Monthly Archives: January 2015

Nursing home group calls for long-term care act

CHRIS MORRIS Legislature Bureau – Telegraph-Journal

January 14, 2015
FREDERICTON • People involved in long-term care in New Brunswick say big changes are needed to avoid the kind of log jams caused by the growing number of seniors waiting for openings in nursing homes.

Physicians, nursing home officials and special care home operators all expressed concern on Wednesday about the province’s failure to address the problem of elderly people languishing in hospitals and bogging down the health-care system when they should be in long-term care facilities.

The Health Department says there are more than 400 elderly people waiting in New Brunswick hospitals for beds in nursing homes.

“We’re behind the eight ball,” said Jodi Hall, director of operations for the New Brunswick Association of Nursing Homes.

“We have known that the province’s demographics were changing for the past 30 years, and there just wasn’t the planning put in place for it … Now it has become critical. As soon as we are able, we need to put systems in place that will allow us to adapt to the realities of our aging population and support people where they want to be.”

The nursing home association has released a report it circulated earlier to elected politicians calling for, among other things, the creation of a Long Term Care Act to replace out-of-date nursing home legislation, and a new strategy to lure more workers into homes.

Amy Klassen, who owns and operates the McNair Manor special care homes in the Moncton area, said New Brunswick’s long-term care system has been held back by overly complex bureaucratic policies.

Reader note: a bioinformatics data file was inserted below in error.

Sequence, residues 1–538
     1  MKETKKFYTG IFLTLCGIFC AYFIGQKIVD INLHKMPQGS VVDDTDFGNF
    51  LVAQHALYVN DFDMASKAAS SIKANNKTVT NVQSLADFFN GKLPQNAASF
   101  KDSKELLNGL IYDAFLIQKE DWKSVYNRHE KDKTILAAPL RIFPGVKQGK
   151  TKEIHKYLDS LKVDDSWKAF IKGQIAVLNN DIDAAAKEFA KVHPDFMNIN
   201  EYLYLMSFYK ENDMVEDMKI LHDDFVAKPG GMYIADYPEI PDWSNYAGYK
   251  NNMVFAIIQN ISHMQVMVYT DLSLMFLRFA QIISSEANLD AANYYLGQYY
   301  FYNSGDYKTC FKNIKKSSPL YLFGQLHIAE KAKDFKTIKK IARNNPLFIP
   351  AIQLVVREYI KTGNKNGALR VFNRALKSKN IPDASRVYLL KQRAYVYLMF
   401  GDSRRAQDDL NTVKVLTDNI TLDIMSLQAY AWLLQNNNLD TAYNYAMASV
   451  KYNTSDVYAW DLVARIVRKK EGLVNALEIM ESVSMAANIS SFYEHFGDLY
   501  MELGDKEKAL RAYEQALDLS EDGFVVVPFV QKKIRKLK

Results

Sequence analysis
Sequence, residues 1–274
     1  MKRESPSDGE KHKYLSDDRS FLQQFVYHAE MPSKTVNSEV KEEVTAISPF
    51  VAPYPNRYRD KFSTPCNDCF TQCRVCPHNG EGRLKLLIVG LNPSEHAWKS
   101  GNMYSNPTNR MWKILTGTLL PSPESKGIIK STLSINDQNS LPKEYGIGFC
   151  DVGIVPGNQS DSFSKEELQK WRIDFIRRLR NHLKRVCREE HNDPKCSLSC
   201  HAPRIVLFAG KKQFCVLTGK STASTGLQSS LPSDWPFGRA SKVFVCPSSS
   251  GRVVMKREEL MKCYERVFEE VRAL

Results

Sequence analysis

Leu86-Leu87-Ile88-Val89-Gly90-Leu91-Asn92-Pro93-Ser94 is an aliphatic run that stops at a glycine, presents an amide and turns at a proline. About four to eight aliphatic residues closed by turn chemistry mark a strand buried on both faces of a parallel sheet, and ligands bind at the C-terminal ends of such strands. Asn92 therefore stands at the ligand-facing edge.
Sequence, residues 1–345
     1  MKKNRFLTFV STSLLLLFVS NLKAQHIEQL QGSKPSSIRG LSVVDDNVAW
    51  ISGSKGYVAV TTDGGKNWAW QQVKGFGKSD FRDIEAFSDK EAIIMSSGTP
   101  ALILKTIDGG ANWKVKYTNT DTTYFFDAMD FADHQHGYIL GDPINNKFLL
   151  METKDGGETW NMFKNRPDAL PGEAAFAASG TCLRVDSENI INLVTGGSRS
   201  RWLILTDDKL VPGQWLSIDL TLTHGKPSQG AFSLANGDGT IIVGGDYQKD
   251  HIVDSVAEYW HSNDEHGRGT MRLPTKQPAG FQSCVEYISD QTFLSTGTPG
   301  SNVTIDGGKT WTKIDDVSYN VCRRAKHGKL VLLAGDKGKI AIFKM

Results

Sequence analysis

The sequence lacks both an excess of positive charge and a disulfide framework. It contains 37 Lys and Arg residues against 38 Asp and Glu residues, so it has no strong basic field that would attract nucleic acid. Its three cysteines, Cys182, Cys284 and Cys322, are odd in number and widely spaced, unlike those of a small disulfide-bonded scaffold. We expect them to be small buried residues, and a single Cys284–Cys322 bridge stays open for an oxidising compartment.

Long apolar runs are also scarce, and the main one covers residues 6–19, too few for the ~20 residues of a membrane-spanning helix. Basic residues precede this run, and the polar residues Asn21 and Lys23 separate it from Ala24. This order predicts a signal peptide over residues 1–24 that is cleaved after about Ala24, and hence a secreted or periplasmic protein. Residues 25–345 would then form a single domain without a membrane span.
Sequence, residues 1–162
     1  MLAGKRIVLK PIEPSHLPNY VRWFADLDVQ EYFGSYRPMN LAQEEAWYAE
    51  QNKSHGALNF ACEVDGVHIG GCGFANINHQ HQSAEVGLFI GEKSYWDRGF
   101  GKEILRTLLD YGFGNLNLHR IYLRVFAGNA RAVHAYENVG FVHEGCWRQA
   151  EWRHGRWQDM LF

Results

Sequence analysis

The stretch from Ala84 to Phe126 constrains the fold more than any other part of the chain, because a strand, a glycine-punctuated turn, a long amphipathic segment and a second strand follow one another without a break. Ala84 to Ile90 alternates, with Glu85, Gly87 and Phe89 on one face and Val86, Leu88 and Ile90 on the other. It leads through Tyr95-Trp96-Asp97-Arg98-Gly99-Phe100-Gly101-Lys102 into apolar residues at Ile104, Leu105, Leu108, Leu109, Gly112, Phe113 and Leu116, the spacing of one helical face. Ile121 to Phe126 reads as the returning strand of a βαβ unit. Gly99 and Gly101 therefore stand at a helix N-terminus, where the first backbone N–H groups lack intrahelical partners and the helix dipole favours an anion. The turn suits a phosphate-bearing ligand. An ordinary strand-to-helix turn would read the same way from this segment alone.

The province has an array of levels used to place seniors in care facilities and decide how much public subsidization they can receive.

“I think we over-complicate things with the layering of policies,” Klassen said.

“It shouldn’t be so complex: You take a patient, you understand how much care they require … and you offer subsidization based on care requirements. It’s not based on diagnosis or personal opinion but on the hours of care required.”

Klassen is unhappy about the province’s lack of consultation with special care home operators.

She also is angry over a bureaucratic change to the Level 3B admission criteria, which has effectively excluded many seniors who need subsidized care.

“The new 3B admission criteria eliminated access to the beds to 50 per cent of the former residents,” Klassen said. “So while simultaneously trying to grow the program, the admission criteria was narrowed. Therefore, the queue for nursing homes is longer.”

In 2012, the previous Tory government quietly added the requirement that level 3B seniors had to have advanced dementia, in addition to other medical needs. The Tories also said they would add about 700 special care home beds, but Klassen said only about 100 have been put in place so far.

New Brunswick physicians also are speaking out about the issue.